13 Publicity Tips for Professional Speakers

Contact your trade association and ask them to refer reporters to you

In a funk because other speakers seem to be snagging all the media attention? It’s time to start claiming your share. Here is a baker’s dozen of tips that will boost your public efforts and help you finally get aware.

1. Every time you speak before a group, offer to submit a short summary of your presentation for the group’s newsletter. Do not forget to send your photo. It gets you in front of those you just talked to as well as those who missed you the first time around. Many groups also send their newsletters to the media. Be sure the last paragraph tells people what you do and how to get in touch with you.

2. Call the advertising department of every newspaper and magazine you want to get into and ask for a copy of their editorial calendar. It’s a free listing of all the special topics and special sections coming up during the calendar year. It will tip you off to sections where your story idea would be a good fit, so you can query the editor weeks and even months ahead.

3. Call a reporter from your local newspaper and invite her to lunch or coffee. Offer yourself as a resource and Ask “How can I help you?” Feed her tips and story ideas. Become such a valuable source that she keeps coming back to you for more information and often writes about you.

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4. Consider starting your own television show on your cable TV station’s community access channel. The station will provide the camera equipment for a $ 20 fee, and you can produce either one show or an entire suite of programs. Air time is free. Call your cable company for details.

5. Build a network of other speakers who concentrate on your topic or area of expertise. Agree informally that you will refer reporters to each other whenever the media calls. Often, reporters want more than one source for a story. It’s a chance for all of you to get additional publicity.

6. Whenever someone asks you to write for their ezine or online magazine, visit their web site first and see if they have a resource section where you would be a good fit. Ask to be listed for free, in exchange for providing an article.

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7. If you publish a print newsletter, be generous with free subscriptions for the national and local media. You’ll be amazed how many reporters start calling you for interviews. If you can not afford to pay people who submit articles for your newsletter, be sure to tell them they will be seen by national media who get your free subscription.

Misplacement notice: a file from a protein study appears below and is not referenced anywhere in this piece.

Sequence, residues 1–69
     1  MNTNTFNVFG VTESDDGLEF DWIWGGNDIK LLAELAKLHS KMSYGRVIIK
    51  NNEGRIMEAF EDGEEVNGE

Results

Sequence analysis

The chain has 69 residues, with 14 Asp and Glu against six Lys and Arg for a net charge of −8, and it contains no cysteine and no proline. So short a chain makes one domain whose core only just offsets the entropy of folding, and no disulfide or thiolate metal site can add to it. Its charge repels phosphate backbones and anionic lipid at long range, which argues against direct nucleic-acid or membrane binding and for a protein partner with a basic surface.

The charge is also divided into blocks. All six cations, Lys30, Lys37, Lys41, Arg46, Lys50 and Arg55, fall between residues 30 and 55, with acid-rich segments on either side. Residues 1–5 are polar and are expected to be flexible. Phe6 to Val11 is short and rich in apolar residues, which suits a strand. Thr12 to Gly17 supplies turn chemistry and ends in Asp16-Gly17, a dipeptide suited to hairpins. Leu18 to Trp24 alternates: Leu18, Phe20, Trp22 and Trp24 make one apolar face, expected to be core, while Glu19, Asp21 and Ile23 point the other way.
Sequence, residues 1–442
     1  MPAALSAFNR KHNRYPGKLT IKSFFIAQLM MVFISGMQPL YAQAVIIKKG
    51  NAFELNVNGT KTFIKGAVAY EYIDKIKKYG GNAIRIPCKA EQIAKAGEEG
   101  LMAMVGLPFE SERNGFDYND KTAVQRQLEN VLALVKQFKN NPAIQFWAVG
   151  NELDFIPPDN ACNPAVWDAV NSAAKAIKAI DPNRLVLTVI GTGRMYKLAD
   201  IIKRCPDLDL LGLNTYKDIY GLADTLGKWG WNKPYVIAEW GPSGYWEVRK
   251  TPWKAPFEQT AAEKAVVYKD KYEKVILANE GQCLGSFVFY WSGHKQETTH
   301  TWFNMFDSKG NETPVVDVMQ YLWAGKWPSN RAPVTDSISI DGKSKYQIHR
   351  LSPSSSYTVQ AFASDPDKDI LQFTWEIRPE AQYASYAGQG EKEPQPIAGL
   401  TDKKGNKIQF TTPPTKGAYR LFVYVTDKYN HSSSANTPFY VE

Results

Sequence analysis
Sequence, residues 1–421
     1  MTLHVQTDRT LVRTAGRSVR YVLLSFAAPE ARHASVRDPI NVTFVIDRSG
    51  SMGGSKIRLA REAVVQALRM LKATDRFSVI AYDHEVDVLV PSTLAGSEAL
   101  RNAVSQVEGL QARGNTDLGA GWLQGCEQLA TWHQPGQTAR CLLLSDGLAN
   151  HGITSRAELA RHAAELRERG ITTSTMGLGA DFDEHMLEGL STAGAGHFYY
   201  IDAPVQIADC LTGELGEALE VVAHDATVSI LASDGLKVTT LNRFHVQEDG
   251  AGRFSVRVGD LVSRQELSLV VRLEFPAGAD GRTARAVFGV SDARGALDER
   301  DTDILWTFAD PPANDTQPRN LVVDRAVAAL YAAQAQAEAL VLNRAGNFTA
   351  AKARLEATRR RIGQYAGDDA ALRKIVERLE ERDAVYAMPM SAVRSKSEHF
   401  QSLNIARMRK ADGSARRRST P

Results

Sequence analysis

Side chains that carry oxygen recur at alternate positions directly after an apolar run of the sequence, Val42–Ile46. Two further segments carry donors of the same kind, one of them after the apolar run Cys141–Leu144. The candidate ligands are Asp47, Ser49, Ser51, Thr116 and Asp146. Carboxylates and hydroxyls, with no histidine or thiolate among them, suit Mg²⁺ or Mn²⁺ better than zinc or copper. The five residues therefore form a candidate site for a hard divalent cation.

8. Do not forget newspaper and magazine columnists. They’re always hungry for fresh ideas. Keep in touch with them and feed them ideas regularly.

9. Call local radio talk show hosts and invite them to call on you when other guests cancel. They will be thankful you offered.

10. Write articles for print newsletters. My favorite resource is the Oxbridge Directory of Newsletters, which lists more than 18,000 newsletters by topic and includes detailed information on the type of audience and subjects covered. Most larger libraries have this resource directory.

11. Write articles for electronic magazines and include a paragraph of information at the end that leads readers to your website. My favorite resource for thousands of ezines is Ezine Universe at http://www.ezine-universe.com

12. Contact your trade association and ask them to refer reporters to you. Many reporters who do not know where to find sources start by calling trade associations.

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13. If you have some level of expertise, always refer to yourself as an “expert” in your marketing materials, at your website, in information that explains your workshops, in your introductions, and in your media kit. The media always seek out experts and interview them.

Follow these public advice and soon be able to promote yourself, your products and your programs.

Source by Joan Stewart

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